In practice, high concentrations of sulphuric acid in an engine not only promote corrosion of internal engine surfaces, but the acid also actively attacks and damages oil seals and gaskets. So, by removing most of the moisture and the oil waste products that combine to form sulphuric acid from an engine, it becomes a lot easier for the corrosion-inhibiting additives in engine oil to combat/prevent corrosion that results from the presence of moisture alone, which brings us to-

The other effects of degrading oil

While the presence of sulphuric acid in any engine is exceedingly harmful, a failure of the PCV valve or crankcase ventilation system to remove all combustion and oil waste products from an engine could potentially cause serious engine damage, if not always-catastrophic engine failures even if no significant corrosion is present in the engine. Here is why-

As stated elsewhere, some ingredients in engine oil evaporate from the oil during engine operation but provided the engine oil is replaced at recommended or specified intervals, this process does not affect the lubricity of the oil in meaningful ways. However, when oil is not replaced for extended periods, some of the evaporated ingredients begin to condense and accumulate on internal engine surfaces in the form of sludge.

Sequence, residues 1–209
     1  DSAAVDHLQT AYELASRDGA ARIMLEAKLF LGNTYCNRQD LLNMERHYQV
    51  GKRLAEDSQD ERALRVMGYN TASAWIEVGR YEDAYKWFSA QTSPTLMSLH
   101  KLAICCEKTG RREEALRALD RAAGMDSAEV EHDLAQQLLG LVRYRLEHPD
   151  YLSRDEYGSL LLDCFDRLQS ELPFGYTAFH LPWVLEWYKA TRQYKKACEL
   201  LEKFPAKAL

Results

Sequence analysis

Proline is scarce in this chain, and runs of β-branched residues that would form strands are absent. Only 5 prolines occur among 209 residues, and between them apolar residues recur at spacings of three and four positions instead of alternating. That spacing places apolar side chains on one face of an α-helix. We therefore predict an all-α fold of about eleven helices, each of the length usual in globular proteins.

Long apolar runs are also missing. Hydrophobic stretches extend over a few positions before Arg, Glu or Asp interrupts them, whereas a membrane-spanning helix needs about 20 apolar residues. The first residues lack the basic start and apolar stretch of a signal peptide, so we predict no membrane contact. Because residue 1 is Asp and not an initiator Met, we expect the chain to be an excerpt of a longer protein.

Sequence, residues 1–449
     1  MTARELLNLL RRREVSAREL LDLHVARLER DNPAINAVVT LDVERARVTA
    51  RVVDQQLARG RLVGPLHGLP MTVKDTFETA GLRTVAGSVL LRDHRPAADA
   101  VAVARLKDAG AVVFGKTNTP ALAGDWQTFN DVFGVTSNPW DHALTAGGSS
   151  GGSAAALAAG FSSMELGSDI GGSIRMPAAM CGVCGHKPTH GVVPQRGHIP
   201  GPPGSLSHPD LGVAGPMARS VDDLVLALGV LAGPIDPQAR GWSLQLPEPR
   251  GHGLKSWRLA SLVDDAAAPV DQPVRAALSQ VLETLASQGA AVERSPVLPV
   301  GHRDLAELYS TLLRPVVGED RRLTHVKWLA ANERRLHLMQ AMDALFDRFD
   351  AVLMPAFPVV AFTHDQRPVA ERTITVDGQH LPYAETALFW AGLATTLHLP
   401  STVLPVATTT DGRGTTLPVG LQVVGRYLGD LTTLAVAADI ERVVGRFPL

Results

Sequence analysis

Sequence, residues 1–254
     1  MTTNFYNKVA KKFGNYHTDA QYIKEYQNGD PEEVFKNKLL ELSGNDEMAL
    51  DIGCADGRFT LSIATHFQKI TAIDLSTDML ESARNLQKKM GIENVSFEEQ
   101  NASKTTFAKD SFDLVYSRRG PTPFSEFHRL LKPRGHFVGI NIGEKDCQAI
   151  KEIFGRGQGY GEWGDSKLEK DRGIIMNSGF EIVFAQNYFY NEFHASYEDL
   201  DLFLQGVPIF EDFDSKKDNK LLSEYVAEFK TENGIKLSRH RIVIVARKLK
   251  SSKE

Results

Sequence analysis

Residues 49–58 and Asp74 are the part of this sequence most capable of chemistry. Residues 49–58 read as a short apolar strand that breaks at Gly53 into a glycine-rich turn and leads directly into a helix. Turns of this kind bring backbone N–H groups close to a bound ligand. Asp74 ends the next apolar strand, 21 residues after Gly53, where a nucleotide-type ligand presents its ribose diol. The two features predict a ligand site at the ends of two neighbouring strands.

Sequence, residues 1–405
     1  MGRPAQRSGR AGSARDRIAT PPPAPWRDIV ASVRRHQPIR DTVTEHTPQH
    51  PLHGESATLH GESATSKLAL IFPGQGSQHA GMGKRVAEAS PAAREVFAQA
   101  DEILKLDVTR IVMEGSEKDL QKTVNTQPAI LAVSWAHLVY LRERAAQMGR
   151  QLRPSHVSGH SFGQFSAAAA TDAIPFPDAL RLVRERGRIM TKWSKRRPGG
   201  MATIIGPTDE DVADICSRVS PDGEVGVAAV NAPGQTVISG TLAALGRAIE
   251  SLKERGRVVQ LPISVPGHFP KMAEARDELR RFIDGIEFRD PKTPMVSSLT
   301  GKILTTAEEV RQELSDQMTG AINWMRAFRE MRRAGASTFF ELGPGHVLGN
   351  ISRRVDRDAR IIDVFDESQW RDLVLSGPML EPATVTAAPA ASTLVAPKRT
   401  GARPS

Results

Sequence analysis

Because the detergents and cleaning agents in severely degraded engine oil are no longer able to dissolve accumulations of sludge, the build-up of sludge may begin to clog up or block oil passages, as well as prevent the oil pressure relief valve from operating as designed. In practice, this means that-

  • some moving parts of the engine may become starved of lubrication, and/or
  • that the oil may begin to bypass the oil filter as it circulates through the engine, meaning that some sludge will circulate through the engine along with the degraded engine oil, which if it happens, can destroy an engine in very short order  

While PCV valves and crankcase ventilation systems that work as intended cannot prevent the effects of seriously degraded engine oil, they can and do remove the combustion and oil waste products that form the basis of oil sludge during the useful life of an oil fill. However, if the PCV valve or crankcase ventilation system does not function optimally, combustion and oil waste products are not removed from the engine effectively and as a result, sludge can begin to form very quickly after an oil change.

So from an engine durability perspective, PCV valves and crankcase ventilation systems (that work as intended) are critically important components that actively protect engines against the effects of degrading oil by removing waste products from the engine.

Ready to get started?
Get an instant estimate, or find an expert mechanic to make a booking.